Now 23, Kolodziejczak recently won the Europa League with Sevilla, whom he joined in August 2014 from Nice for a fee of around £2.5 million.

Lenswere promoted as champions following a solitary season in Ligue 2, meaning a return to Ligue 1 for the 2009-10 season. That season Steeven Joseph-Monrose, Samuel Atrous, William Rémy and Samba Sow were promoted into Jean-Guy Wallemme’s first-team, although Joseph-Monrose was loaned to LB Chateauroux for the second half of the season.

Of the quartet, defensive midfielder Sow, a Mali international, and centre-back William Rémy, a France under-19 international, made the biggest impressions, appearing over 100 times collectively for club, although both have now departed the club, playing their football at Kayserispor and Montpellier respectively.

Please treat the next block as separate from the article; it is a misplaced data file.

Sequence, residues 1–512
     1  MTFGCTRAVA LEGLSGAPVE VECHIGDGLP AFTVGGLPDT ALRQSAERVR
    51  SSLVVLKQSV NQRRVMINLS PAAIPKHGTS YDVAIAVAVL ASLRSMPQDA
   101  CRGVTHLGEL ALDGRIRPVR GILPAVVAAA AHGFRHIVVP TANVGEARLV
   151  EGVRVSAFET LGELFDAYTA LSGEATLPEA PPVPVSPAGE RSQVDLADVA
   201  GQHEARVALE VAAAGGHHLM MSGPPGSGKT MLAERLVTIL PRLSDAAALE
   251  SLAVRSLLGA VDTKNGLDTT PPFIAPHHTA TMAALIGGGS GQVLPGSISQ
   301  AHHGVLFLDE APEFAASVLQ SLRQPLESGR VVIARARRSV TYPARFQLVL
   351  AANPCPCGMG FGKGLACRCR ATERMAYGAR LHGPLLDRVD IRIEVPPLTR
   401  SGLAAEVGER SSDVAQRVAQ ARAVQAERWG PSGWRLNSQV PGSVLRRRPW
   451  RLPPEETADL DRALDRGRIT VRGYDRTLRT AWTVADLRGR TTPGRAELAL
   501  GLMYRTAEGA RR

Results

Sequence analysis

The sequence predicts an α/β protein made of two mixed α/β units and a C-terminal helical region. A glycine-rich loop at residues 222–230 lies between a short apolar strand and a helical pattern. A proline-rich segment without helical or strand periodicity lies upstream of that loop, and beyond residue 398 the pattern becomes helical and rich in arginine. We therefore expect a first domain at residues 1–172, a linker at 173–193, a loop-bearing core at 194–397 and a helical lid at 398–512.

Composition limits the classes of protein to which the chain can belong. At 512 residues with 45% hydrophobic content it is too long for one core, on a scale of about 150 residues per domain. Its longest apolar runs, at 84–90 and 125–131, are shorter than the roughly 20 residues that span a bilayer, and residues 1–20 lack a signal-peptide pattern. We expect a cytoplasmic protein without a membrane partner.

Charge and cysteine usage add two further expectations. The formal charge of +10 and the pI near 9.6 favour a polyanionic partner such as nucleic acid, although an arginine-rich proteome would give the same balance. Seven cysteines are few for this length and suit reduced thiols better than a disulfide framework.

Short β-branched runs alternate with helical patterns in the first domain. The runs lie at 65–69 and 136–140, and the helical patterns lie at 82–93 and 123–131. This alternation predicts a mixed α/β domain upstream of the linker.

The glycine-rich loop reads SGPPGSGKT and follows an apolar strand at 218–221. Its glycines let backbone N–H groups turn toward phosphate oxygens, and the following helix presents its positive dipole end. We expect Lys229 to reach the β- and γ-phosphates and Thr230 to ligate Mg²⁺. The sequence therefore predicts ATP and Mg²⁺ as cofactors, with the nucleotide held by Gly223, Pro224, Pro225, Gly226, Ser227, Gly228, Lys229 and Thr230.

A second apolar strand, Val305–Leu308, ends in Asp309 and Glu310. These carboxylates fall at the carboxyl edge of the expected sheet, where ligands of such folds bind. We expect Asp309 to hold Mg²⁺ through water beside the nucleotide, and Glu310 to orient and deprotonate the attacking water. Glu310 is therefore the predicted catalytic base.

After finishing in 11th place in Ligue 1 Lens were blessed with two exceptional defensive talents through their youth academy for the 2010-11 season in Raphaël Varane (pictured) and Serge Aurier. Full-back Aurier had made two appearances during the prior season but the campaign represented his first as a regular first-team player, while centre-back Varane was yet to start a game.

Aurier made 27 league appearances during the season, with Varane appearing 23 times, as both earned plaudits for their mature displays, with Varane even captaining the side on one occasion, despite the fact that Lens were relegated along with Monaco and Arles-Avignon, winning just seven games.